Overhead router system

Davecam48

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Since my forced retirement about 5 weeks ago I've been making considerable amounts of sawdust, and while I'm working on a concept guitar project, I built a pin rout system using my table router which I posted here, and used it to make this jig.
Wishing that I had a bit more control and accuracy the overhead router looked the way to go, so set about designing, (nothing on paper, all in the noggin) an adjustable overhead system, which I must say even surprises me with how well it works. The lifting/ lowering mechanism is made entirely out of 20mm ply and consists of two sliding rails mounted on a plate to which a block of maple is attached with a "T" nut at each end and the rails run between two ply guides. A 5/16th threaded rod through each T and a wheel on top which runs in a fixed plate and Bob's your uncle. The sliding plate is held in position by a bracket each side of the back board and a block with a router sized hole cut in half and a couple of wing nuts and it's all done.
The most difficult thing which actually took more time than building the frame and mechanism was the precision depth gauge in Imperial and Metric and, as most things, very simple in the end. An aluminium ruler with both denominations on it, the Imperial side was cut off on the bandsaw and mounted against the Metric scale. WHY ?? Because rulers all start at zero on the left hand side, well the ones I could find, and we need both zeros together so we can zero both scales with the same indicator.

To rout to a precise depth I put the template over the pin and wind down the bit until it just contacts the surface, move the scale to exactly zero on the red bar, this is your base line. Slide the rule down the required depth, say 3mm, and then while holding the job firmly switch on the router and wind down the mechanism until exactly on the zero line again and you're routing @ 3mm depth.

In actual fact a 3mm route measured 3.05 on the digital calipers sooooo!

As an exercise just to see how well it worked, today I knocked a very rough template and made the gear in the pix ( which I dedicate to Kwerk! ) and the whole exercise took about 1.5 hours using a 1/4" bit. Taught me a lesson on how you MUST make excellent templates because any errors appear in the job. I think this would cut out a solid body in about 20 mins. Doing the gear cut I only went down in 3mm increments which left some fine tooling marks but they rub out no problems and if it was a serious job more care would have been taken. Anyway Gents and Ladies I'll post a few pix for you. DC
 

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Davecam48

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Thanks Phil. Yeah I'm really pleased with it and there is zero play in the whole assembly or at the router bit which makes it so accurate. The pin is mounted in the table opening for the bottom "big" router and I have about 18" access either side of the bit so can do more than make small stuff. All I have to do now is find things to make with it. Making the gear today I had more fun than when I discovered girls and beer, well maybe not.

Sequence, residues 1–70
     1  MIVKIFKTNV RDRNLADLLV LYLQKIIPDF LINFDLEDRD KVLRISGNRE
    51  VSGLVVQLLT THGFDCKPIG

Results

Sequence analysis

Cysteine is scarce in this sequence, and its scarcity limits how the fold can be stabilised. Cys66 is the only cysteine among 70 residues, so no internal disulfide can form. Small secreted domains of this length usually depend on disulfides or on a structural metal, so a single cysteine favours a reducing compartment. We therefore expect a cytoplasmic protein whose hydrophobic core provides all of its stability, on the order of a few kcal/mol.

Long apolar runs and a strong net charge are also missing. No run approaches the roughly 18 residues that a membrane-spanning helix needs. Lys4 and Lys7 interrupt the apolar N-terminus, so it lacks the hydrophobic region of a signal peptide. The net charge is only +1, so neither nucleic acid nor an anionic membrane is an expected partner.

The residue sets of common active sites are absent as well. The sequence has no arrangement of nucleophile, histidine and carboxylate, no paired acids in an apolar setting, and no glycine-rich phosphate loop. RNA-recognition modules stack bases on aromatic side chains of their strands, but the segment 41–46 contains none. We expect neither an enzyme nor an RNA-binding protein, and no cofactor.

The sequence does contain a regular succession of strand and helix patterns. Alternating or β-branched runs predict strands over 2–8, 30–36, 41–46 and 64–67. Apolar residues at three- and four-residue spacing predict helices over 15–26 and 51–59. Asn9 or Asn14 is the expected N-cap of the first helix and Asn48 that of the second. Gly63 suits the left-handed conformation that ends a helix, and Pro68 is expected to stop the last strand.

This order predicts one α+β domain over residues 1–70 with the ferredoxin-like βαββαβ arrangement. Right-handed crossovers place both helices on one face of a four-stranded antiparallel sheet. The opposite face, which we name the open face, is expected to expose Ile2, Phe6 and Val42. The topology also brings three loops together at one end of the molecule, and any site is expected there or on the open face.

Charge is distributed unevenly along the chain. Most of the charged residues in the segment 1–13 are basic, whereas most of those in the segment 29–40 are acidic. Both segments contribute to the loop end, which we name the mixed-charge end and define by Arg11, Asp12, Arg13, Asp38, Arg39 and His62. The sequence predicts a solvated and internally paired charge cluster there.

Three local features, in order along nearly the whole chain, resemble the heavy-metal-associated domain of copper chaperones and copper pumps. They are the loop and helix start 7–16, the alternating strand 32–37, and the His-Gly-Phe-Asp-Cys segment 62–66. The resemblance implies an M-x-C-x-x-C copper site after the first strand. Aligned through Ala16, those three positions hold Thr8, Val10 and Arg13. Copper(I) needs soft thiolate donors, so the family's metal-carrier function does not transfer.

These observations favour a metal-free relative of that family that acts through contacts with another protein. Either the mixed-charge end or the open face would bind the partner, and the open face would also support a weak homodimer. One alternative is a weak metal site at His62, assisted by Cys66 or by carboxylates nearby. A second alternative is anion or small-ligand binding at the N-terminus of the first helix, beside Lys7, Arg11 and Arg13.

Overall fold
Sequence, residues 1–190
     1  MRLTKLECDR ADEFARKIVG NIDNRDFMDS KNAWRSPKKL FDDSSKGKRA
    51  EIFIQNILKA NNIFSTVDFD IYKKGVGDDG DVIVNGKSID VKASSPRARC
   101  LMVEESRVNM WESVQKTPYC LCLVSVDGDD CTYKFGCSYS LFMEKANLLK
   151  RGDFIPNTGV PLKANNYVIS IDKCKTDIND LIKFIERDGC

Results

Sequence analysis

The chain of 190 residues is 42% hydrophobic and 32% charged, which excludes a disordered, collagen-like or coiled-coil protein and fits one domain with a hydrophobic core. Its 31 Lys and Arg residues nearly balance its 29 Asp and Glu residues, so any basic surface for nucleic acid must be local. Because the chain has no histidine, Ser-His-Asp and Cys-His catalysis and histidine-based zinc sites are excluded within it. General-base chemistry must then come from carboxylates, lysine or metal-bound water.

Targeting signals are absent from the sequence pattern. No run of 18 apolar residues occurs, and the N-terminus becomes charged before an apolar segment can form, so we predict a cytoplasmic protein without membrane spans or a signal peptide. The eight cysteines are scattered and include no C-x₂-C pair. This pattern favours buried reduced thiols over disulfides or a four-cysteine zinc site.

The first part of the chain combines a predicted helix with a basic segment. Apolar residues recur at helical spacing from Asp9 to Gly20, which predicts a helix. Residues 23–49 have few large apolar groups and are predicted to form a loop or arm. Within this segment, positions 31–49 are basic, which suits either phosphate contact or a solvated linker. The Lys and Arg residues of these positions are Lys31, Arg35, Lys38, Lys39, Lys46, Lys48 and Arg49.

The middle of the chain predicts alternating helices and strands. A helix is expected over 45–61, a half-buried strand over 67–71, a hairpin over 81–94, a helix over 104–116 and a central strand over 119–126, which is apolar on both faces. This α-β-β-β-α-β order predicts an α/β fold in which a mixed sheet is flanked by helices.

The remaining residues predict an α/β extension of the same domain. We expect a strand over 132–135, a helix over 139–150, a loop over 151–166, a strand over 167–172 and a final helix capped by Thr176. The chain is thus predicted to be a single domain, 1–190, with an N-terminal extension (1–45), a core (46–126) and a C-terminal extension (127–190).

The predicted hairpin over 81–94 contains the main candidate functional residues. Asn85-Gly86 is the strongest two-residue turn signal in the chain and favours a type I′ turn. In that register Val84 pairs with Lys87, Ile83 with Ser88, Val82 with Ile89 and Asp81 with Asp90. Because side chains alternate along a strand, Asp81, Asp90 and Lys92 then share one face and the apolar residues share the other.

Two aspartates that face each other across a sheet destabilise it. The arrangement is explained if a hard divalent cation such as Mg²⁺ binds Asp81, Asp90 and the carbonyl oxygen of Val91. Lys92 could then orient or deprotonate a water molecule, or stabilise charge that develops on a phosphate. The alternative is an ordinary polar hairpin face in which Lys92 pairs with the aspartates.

You have nothing to live down with the gear thing mate, it was a great and unique concept. Did you receive the prize yet?
 

Engraver-60

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I don't see your template. And yes, it looks like a manually operated Z-axis for a cnc machine. Next hook up a stepper motor to the top and you'll have a cnc (1-axis). Very cool design and nice work.
 

Bolide

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Very cool. Maybe you could replace the height adjusting wheel with that fine looking gear.

That immediately caught my eye as well, and reminded me of the story of John Harrison, the clockmaker who succesfully beat the challenge to find a satisfactory method of determining longitude.


There are large outdoor clocks (on churches and such) which Harrison built in his youth where the only metal parts are the sash weights which are still working today (with fairly remarkable accuracy), and have only been cleaned a couple of times in the last couple of centuries. He used lignum vitae for the hubs (for its self lubricating properties) and teeth (for its toughness) with a different, lighter, hardwood of higher tensile strength for the webs of his gears.

http://www.amazon.com/Longitude-Gen...=sr_1_4?s=books&ie=UTF8&qid=1314281600&sr=1-4

Yes! That is one fine looking gear :D
 

Davecam48

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Very cool. Maybe you could replace the height adjusting wheel with that fine looking gear.

Thanks Jack. The really cool thing about the mechanism is that you could turn it upside down and fit under a table and it becomes a router lift but I already have a $5 scissor jack doing that.

The gear was actually cut with the intention of using it as the top wheel with a smaller one meshed in for fine adjustment and may end up there today, but the thread on the rod takes 18 turns for an inch of travel so it is fine enough. The original wheel was just the bit left over after a hole was removed from around it.
 

Davecam48

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To follow on from Jack's suggestion, this morning I pulled off the old MDF wheel and fitted the cog. To me it looks at home there, and easier to twirl, thanks Jack.
 

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kwerk

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excellent Dave.. Reminds me of that open source project going on at the moment to make 3D printers that can replicate themselves!
 




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